authors commented that further work was needed to assess sensitivity to sub-plateau-scale surface wetness patterns. The impact of soil moisture (SM) on moist convection has been recognized by numerous works (e.g., see reviews by Seneviratne et al. 2010 ; Santanello et al. 2018 ). SM affects the partitioning of surface fluxes into sensible and latent heat, which control planetary boundary layer (PBL) growth and moisture availability, respectively. Depending on the atmospheric stability profile

Open access
He Sun, Fengge Su, Zhihua He, Tinghai Ou, Deliang Chen, Zhenhua Li, and Yanping Li

-elevation area in Asia centered on the Tibetan Plateau and the origin of major Asian rivers ( Fig. 1 ). Fig . 1. Topography and boundaries of nine upper river basins in the TP. UYE, UYA, UM, US, UB, UI, UAMD, USRD, and UYK denote the upper regions of the Yellow, Yangtze, Mekong, Salween, Brahmaputra, Indus, Amu Darya, Syr Darya, and Yarkant river basins, respectively. The green dots denote the national meteorological stations used in this study. Gridded datasets obtained by interpolating limited observations

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Eric A. Rosenberg, Andrew W. Wood, and Anne C. Steinemann

important for seasonal streamflow prediction. With about 90% of its area falling within this system, HHWM8 is a classic example of this scenario, but others (e.g., EGLC2, GBRW4, and NVRN5) contain wilderness areas as well, primarily at higher elevations near basin boundaries. Table 2. Summary statistics for the 24 basins in the study. Mean values were calculated over the calibration period. The annual runoff ratio is defined as the ratio of annual runoff to annual precipitation. Fig . 1. The 24 basins

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Marouane Temimi, Ricardo Fonseca, Narendra Nelli, Michael Weston, Mohan Thota, Vineeth Valappil, Oliver Branch, Hans-Dieter Wizemann, Niranjan Kumar Kondapalli, Youssef Wehbe, Taha Al Hosary, Abdeltawab Shalaby, Noor Al Shamsi, and Hajer Al Naqbi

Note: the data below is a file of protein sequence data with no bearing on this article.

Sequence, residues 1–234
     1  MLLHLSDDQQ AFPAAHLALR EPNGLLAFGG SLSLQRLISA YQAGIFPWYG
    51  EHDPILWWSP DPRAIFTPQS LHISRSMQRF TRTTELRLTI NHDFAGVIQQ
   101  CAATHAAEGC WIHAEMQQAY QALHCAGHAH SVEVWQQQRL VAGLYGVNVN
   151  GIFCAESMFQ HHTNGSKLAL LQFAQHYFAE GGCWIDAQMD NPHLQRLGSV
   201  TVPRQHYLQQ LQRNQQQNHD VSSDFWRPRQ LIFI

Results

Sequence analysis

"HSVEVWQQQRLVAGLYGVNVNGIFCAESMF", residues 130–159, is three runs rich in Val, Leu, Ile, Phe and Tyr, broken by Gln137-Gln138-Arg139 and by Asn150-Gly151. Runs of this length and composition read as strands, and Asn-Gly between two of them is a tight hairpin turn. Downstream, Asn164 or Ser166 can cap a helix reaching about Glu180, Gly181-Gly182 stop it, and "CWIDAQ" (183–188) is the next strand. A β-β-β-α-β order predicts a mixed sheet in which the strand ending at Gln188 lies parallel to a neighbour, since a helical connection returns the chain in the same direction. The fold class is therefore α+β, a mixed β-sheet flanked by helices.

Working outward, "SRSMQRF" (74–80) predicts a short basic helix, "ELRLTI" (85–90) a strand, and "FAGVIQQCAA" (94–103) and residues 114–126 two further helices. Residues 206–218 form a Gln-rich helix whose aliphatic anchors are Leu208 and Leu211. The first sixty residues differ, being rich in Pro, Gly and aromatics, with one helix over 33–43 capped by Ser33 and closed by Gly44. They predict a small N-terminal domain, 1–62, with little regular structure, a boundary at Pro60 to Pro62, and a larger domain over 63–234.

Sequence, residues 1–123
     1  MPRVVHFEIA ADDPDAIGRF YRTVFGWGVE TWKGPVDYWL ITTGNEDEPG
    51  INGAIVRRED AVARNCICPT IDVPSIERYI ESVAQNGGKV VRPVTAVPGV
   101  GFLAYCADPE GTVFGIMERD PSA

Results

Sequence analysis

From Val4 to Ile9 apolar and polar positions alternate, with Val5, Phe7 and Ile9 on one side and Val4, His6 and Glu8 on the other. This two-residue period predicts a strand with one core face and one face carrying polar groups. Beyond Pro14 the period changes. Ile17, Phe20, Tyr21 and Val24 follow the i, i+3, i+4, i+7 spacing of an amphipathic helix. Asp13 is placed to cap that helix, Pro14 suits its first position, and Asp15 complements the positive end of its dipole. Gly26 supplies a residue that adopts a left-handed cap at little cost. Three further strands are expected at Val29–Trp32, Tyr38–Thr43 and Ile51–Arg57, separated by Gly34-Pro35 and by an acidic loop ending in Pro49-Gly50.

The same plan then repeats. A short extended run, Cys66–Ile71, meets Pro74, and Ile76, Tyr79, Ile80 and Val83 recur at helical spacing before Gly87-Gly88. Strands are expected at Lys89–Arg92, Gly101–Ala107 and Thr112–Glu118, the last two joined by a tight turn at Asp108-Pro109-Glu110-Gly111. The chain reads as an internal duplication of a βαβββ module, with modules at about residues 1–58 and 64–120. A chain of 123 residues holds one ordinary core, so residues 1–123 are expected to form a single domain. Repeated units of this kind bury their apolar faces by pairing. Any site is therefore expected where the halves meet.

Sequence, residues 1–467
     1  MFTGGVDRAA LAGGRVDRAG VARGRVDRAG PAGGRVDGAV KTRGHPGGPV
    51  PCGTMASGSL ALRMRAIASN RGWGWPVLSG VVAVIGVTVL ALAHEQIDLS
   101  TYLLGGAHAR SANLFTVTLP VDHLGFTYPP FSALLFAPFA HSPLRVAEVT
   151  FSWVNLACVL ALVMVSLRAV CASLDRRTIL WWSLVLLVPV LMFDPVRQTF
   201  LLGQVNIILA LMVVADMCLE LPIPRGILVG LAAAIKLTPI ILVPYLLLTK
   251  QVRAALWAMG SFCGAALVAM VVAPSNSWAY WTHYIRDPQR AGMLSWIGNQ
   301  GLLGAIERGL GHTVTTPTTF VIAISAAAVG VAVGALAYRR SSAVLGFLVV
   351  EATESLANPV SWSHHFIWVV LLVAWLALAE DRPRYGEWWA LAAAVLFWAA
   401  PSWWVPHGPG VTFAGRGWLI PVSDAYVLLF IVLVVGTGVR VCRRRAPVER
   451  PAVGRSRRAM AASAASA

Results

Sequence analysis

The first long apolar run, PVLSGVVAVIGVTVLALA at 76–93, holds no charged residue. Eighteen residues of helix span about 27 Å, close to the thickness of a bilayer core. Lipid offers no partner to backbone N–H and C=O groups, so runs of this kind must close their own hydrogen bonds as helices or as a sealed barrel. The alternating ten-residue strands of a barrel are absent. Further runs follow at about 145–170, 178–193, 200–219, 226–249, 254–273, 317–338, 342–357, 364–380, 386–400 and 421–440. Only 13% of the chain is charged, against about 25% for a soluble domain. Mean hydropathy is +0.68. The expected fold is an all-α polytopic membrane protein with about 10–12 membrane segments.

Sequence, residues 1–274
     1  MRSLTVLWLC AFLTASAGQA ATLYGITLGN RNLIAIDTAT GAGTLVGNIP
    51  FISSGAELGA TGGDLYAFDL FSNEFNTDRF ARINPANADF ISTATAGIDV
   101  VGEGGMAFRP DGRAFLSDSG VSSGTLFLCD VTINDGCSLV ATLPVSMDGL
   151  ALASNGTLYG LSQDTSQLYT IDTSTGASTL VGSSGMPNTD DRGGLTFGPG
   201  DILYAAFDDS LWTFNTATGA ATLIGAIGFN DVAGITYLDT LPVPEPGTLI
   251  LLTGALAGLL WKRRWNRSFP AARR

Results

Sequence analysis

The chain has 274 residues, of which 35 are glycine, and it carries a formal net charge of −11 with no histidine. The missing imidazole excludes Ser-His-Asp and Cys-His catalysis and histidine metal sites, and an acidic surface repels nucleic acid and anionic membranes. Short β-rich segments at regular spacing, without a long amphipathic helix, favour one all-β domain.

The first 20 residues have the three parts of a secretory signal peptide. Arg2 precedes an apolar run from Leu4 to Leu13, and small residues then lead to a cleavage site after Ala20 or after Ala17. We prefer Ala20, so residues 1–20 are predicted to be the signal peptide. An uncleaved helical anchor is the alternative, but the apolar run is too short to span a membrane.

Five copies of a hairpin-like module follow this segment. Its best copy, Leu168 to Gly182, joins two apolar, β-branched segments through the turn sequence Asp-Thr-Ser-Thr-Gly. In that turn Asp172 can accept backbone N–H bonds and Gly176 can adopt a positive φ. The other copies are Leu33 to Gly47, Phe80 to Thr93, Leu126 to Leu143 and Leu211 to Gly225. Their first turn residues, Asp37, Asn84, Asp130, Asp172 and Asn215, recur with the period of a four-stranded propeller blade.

hand, the LULC gives information about the land’s physical type and how it is currently being used (i.e., urban, cropland, shrubland, desert, etc.), determining surface properties such as albedo, emissivity and roughness length. While the albedo and emissivity are normally estimated using remote sensing assets such as satellites (e.g., Giri 2012 ; Sun and Schulz 2015 ; Fritz et al. 2017 ; Rwanga and Ndambuki 2017 ), and sometimes through field surveys (e.g., D’Antona et al. 2008 ), the

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Alejandro Hermoso, Victor Homar, and Arnau Amengual

of convective parameterizations has been obtained for resolutions higher than 4 km (e.g., Kain et al. 2008 ; Weisman et al. 2008 ). This model configuration, as well as the initial and lateral boundary conditions (IC/LBCs) are taken from one ensemble member out of all the ensemble strategies investigated in Part II. In particular, the boundary conditions are extracted from the global ECMWF ensemble prediction system and soil parameters are downscaled from the control member of the ECMWF